Unmaintained pools were a public health problem during the mortgage driven recession. People could try to maintain their own pools, but the smallest packages of chemicals can be too heavy for many people to safely move even if they are capable of figuring out dosing and testing methods.

                  https://www.aquamagazine.com/service...rattle-service
                  Soaring Gas Prices Rattle Service

                  AQUA Editors
                  Apr 12, 2022

                  The sudden rise in inflation to levels unseen in decades has challenged most businesses, but for pool and spa service companies that are on the road every working day, some of them buying tens of thousands of gallons, the effect of a gas price rise is more dramatic.
                  ...
                  Like all cost increases, a rise in fuel cost must be passed on to the customer to preserve profits and, for that matter, the company itself.
                  ...
                  “I have no problem sharing numbers. The gas prices they know of, but they still comment that the number seems really high. And I just tell them, ‘Well, our chemical prices have more than doubled, too.’ I tell them how a bottle of acid used to cost me $2.64, and now, I believe, it’s over $6. All of that stuff accounts for price increases.”...
                  _____________________________________________

                  Ask Congress to Investigate COVID Origins and Government Response to Pandemic H.R. 834

                  i love myself. the quietest. simplest. most powerful. revolution ever. ---- nayyirah waheed
                  Governments don't have or own souls.

                  (My posts are not intended as advice or professional assessments of any kind.)
                  Never forget Excalibur.

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                  • #11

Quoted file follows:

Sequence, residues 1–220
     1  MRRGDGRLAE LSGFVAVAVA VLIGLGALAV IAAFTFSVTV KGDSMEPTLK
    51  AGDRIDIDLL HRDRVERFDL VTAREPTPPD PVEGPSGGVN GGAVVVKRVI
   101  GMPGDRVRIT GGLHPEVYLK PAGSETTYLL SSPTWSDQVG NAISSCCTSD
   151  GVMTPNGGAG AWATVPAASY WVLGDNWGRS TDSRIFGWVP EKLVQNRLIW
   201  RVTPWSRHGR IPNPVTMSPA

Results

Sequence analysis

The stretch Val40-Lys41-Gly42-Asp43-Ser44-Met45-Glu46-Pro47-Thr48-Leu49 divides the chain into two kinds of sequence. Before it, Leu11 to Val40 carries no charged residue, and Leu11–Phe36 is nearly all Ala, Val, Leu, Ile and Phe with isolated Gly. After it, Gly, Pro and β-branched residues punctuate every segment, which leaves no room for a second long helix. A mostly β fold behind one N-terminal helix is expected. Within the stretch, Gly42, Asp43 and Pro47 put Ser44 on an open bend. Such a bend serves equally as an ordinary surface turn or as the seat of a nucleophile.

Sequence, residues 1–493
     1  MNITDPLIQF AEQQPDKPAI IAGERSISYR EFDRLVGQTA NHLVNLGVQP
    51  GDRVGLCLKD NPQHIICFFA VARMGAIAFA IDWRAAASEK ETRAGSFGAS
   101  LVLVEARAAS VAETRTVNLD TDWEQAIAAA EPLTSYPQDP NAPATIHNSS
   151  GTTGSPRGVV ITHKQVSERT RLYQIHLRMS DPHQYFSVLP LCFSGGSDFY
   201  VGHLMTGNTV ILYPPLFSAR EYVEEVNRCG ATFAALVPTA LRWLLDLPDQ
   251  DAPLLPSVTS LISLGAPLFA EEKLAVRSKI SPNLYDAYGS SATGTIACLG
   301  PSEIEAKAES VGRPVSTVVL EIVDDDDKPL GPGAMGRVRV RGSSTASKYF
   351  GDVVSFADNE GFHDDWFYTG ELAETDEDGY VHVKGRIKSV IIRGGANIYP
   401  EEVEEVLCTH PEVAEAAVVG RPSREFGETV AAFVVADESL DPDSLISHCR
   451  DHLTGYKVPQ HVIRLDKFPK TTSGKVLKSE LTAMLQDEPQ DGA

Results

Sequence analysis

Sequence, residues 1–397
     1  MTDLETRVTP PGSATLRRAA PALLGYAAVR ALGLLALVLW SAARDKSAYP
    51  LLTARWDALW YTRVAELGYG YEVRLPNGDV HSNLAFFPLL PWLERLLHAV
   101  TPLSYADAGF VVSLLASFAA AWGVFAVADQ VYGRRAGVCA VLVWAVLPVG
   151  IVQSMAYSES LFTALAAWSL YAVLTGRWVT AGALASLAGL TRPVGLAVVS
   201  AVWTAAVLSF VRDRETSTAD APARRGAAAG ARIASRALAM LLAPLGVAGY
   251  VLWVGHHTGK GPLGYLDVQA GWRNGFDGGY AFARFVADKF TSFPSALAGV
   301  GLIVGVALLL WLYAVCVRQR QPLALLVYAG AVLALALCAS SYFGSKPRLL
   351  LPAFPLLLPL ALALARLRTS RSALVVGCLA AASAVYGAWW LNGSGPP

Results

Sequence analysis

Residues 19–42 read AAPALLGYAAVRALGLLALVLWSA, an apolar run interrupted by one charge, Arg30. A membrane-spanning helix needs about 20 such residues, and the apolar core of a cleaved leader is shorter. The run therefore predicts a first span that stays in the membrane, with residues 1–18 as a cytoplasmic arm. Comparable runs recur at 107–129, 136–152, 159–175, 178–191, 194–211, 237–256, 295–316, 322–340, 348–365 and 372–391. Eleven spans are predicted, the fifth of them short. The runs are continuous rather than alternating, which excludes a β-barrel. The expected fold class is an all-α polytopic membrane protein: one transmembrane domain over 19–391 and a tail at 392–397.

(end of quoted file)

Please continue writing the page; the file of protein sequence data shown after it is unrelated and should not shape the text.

Economic News Release

                    Consumer Price Index Summary



                    Transmission of material in this release is embargoed until 8:30 a.m. (ET) May 11, 2022 USDL-22-0835 Technical information: (202) 691-7000 * cpi_info@bls.gov * www.bls.gov/cpi Media Contact: (202) 691-5902 * PressOffice@bls.gov

                    CONSUMER PRICE INDEX - APRIL 2022


                    The Consumer Price Index for All Urban Consumers (CPI-U) increased 0.3 percent in April on a seasonally adjusted basis after rising 1.2 percent in March, the U.S. Bureau of Labor Statistics reported today. Over the last 12 months, the all items index increased 8.3 percent before seasonal adjustment.

                    Increases in the indexes for shelter, food, airline fares, and new vehicles were the largest contributors to the seasonally adjusted all items increase. The food index rose 0.9 percent over the month as the food at home index rose 1.0 percent. The energy index declined in April after rising in recent months. The index for gasoline fell 6.1 percent over the month, offsetting increases in the indexes for natural gas and electricity.

                    The index for all items less food and energy rose 0.6 percent in April following a 0.3-percent advance in March. Along with indexes for shelter, airline fares, and new vehicles, the indexes for medical care, recreation, and household furnishings and operations all increased in April. The indexes for apparel, communication, and used cars and trucks all declined over the month.

                    The all items index increased 8.3 percent for the 12 months ending April, a smaller increase than the 8.5-percent figure for the period ending in March. The all items less food and energy index rose 6.2 percent over the last 12 months. The energy index rose 30.3 percent over the last year, and the food index increased 9.4 percent, the largest 12-month increase since the period ending April 1981.